Guide To Business Grants


It’s been a tough few years for many businesses, with the pandemic and natural disasters, especially small business owners.

Finding funds and expertise for business development can be challenging for smaller organisations. Even larger and successful firms can find it difficult to put together the cash and know-how to keep a business expanding.

That’s where a grant of funds or professional support can come to the rescue.

What can I get a grant for?

You will find grants supporting all aspects of business operations offered by state, territory and federal government agencies and departments that cover many different business needs.

Some grants are available for several years while others are just a short-term funding opportunity so be sure to check the closing dates.

Some examples include:

Digital solutions

An effective online presence can make or break a small business but knowing where to start might be holding you back.

In which case, there’s a Federal Government program that helps small businesses make the most of digital tools to create websites and sell online, use social media and business software and ensure online security and data privacy.

The Australian Small Business Advisory Services program provides seven hours of support with a digital solutions advisor to businesses with fewer than 20 full-time employees.

Recovering from natural disasters

Businesses that have been affected by the floods or Black Summer bushfires can apply for support from the AusIndustry Entrepreneurs’ Program to help them get back on their feet.

Under the program, a facilitator identifies ways to improve your business systems, operations and strategies.

Each state affected by a recent disaster also provides grants and loans to small businesses such as the Queensland governments low interest Disaster Assistance Loans of up to $250,000.

New ideas

If you have an idea that you’re sure will be a hit but you just need a little help to get it across the line, the AusIndustry Entrepreneurs’ Program is an option.

The Program’s Accelerating Commercialisation service provides advice and funding to get novel products, processes or services to market.

Selling overseas

Exporters or those interested in starting to sell overseas can find useful information, advice and financial support from government agencies.

For example, Export Australia provides small to medium businesses with loans to secure specific export contracts when traditional lenders can’t help. Export Finance Australia will give approved export businesses a guarantee to help access finance from their bank or there’s a Small Business Export Loan that covers up to 80 per cent of the costs to secure an export contract.

All state and territory governments also offer support for exporters based in their jurisdictions such as the Going Global Export Program in New South Wales for businesses in the health and medtech, technology, and food and beverage sectors or the Export Fundamentals Program for South Australian businesses looking to expand or to start exporting.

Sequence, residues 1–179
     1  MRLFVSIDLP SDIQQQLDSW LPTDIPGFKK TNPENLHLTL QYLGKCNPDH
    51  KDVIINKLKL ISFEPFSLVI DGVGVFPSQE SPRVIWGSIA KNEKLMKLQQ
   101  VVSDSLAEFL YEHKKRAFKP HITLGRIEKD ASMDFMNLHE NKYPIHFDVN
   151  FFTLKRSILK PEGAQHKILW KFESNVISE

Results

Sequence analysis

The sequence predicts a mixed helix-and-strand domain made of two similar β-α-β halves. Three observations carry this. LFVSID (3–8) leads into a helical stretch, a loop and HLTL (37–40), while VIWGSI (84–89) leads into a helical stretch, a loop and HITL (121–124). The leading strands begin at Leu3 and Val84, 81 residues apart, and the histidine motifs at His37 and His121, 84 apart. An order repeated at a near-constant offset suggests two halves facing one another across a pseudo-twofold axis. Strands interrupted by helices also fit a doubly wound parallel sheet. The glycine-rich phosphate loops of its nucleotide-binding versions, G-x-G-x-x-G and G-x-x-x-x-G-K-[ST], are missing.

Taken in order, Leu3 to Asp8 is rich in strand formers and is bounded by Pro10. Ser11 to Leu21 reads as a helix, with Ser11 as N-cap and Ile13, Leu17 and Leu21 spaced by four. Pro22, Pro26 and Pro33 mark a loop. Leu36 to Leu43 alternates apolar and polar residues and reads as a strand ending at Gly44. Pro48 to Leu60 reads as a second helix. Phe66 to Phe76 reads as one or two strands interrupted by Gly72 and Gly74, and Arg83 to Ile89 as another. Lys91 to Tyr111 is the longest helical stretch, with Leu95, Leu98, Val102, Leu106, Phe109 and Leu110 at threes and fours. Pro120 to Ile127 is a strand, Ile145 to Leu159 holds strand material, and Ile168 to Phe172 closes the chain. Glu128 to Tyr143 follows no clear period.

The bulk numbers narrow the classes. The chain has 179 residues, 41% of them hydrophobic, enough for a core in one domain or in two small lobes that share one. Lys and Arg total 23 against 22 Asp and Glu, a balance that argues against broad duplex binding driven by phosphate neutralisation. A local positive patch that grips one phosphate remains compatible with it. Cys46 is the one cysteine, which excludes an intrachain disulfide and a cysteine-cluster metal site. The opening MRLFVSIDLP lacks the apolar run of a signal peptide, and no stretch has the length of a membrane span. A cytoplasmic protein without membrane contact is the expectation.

Mental health

Coping with the past few years of pandemic and natural disasters can take a toll. Mental health support organisation Beyond Blue provides a free service designed specifically for small business owners.

NewAccess is a guided self-help mental health coaching program to help you manage stress. Its mental health coaches are specially trained and have a small business background.

Sustainability and energy efficiency

Each state has a number of programs and grants to support sustainability such as the ACT government’s program to help businesses with the costs of upgrading to more energy efficient and water efficient technologies.

Regional and rural support

Various levels of government offer funds and professional support to small businesses operating in country areas. For example, there is a three-year payroll tax exemption to interstate businesses relocating to regional Tasmania.

In NSW, the state government will match funding for projects in regional areas that are time-sensitive and strategically significant. While in Victoria, a government program provides incentives to regional hospitality and tourism businesses to take on trainees and to develop and retain jobs in other sectors.


Wage subsidies are available when you employ certain eligible individuals such as some long-term unemployed, apprentices and trainees or people with a disability.

Where to find information

The best one-stop shop for information about government grants is the federal government’s website. It is an easily searchable database of business grants and programs offered by agencies from every level of government across Australia.

Each state and territory government also hosts website databases of their grants and programs. It might also be worth checking your local council’s website for opportunities.

How to apply

Firstly, read the requirements carefully to make sure you are eligible. Then, each grant or program website will steer you through a series of questions.

Taking the time to provide as much relevant information as possible will obviously help your chances. At this point, some small businesses decide to hire someone to help complete the application.

If you would like to discuss how to make the most of a business grant in your business, give us a call.

Don’t be scammed

Be warned that private operators offer to find grants for a fee but the information is freely available through the government websites such as

Check carefully that the website you are using is a genuine government website. Scammers often try to copy government websites using official images and logos.

While small businesses may pay a consultant to help them write their grant applications, note that grants are awarded on merit - you can’t pay money for special access or consideration.

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